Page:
ASPCA reports in with the 10 Most Common Pet Poisons of 2009
Is your pooch mad for people food? Does your kitty like to self-medicate? Sadly, not everything we love is good for us. In fact, many common household goods that we take for granted as harmless can poison our furry friends.
In 2009, the ASPCA Animal Poison Control Center in Urbana, IL, handled more than 140,000 cases of pets exposed to toxic household substances, many of which included everyday household products like insecticides, cleaning supplies and prescription medications.
To help you keep your pet safe this year, the ASPCA experts have created a list of the 10 common poisons that most affected furry friends last year.
Top 10 Pet Poisons of 2009
Human Medications: For several years, human medications have stubbornly remained #1 on the ASPCA’s list of common hazards. Pets often snatch pill vials from counters and nightstands or gobble up medications (painkillers, cold medications, antidepressants, dietary supplements) accidentally dropped or fallen on the floor. Always keep meds tucked away in hard-to-reach cabinets.
Insecticides: One of the most common incidents in ’09 involved misuse of flea and tick products — such as applying the wrong topical treatment to the wrong species. It’s important to talk to your vet before beginning any flea/tick control program.
People Food: Grapes, raisins, avocado and products containing xylitol, like gum, can seriously disable our furry friends. One of the worst offenders — chocolate — contains large amounts of methylxanthines, which, if ingested in significant amounts — or even small amounts over time — can cause vomiting, diarrhea, panting, excessive thirst, urination, hyperactivity, and in severe cases, abnormal heart rhythm, tremors, seizures and death.
Plants: Common houseplants such as azalea, rhododendron, sago palm, lilies, kalanchoe and schefflera are often found in homes and can be harmful to pets. Lilies are especially toxic to cats, and can cause life-threatening kidney failure even in small amounts.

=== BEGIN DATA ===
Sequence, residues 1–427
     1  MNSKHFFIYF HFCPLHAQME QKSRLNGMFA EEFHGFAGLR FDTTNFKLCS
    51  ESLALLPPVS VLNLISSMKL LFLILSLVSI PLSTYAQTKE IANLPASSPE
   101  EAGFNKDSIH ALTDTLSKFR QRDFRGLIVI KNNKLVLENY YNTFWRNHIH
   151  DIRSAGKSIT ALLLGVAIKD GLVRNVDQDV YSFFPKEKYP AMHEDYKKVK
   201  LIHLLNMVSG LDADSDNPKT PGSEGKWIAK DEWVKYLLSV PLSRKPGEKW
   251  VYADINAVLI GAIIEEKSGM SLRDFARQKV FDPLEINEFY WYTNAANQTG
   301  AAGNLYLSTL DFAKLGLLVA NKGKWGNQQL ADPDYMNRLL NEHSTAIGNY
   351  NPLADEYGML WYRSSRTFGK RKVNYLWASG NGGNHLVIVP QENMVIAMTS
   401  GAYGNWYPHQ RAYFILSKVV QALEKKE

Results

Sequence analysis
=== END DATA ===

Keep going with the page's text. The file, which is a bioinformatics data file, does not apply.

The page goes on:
Veterinary Medications: Though intended for pets, pet meds are often misapplied or improperly dispensed by well-meaning pet parents. In 2009, the ASPCA managed nearly 8,000 cases involving non-steroidal anti-inflammatory drugs, heartworm preventatives, de-wormers, antibiotics, vaccines and nutritional supplements.
Rodenticides: Many baits used to attract rodents contain inactive ingredients that attract pets as well. Depending on the product, ingestions can lead to potentially life-threatening problems including bleeding, seizures or kidney damage.
Household Cleaners: Protect pets from common agents such as bleach, detergent and disinfectants. These products, when inhaled by pets, can cause serious gastrointestinal distress and irritation to the respiratory tract.
Heavy Metals: Not talking loud music, rather heavy metals like lead, zinc and mercury. Lead is especially pernicious, and pets are exposed to it through many sources, including consumer products, paint chips, linoleum, and lead dust produced in older homes.
Garden Products: It may keep your grass green, but certain types of fertilizer and garden products can cause problems for outdoor cats and dogs, causing severe gastric upset and possibly gastrointestinal obstruction.
Chemical Hazards: A category on the rise, chemical hazards — found in ethylene glycol antifreeze, paint thinner, drain cleaners and pool/spa chemicals — pose substantial risk to pets. Substances in this group can cause gastrointestinal upset, depression, respiratory difficulties and chemical burns.
Prevention is key to avoiding accidental exposure, but if you suspect your pet has ingested something toxic, please contact your veterinarian or the ASPCA 24-hour hotline at 888-426-4435. For a more detailed version of this report, including numbers on cases reported in 2009, visit aspca.org.